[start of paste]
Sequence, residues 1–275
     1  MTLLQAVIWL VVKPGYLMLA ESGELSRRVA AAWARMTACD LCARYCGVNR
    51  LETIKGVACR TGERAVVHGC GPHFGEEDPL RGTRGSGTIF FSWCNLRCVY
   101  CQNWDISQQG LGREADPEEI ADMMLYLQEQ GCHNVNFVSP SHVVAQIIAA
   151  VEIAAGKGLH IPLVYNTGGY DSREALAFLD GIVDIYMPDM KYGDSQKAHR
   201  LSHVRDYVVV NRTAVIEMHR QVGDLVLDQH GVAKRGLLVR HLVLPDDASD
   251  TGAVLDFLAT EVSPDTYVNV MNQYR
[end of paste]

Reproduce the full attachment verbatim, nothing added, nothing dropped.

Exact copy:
Sequence, residues 1–275
     1  MTLLQAVIWL VVKPGYLMLA ESGELSRRVA AAWARMTACD LCARYCGVNR
    51  LETIKGVACR TGERAVVHGC GPHFGEEDPL RGTRGSGTIF FSWCNLRCVY
   101  CQNWDISQQG LGREADPEEI ADMMLYLQEQ GCHNVNFVSP SHVVAQIIAA
   151  VEIAAGKGLH IPLVYNTGGY DSREALAFLD GIVDIYMPDM KYGDSQKAHR
   201  LSHVRDYVVV NRTAVIEMHR QVGDLVLDQH GVAKRGLLVR HLVLPDDASD
   251  TGAVLDFLAT EVSPDTYVNV MNQYR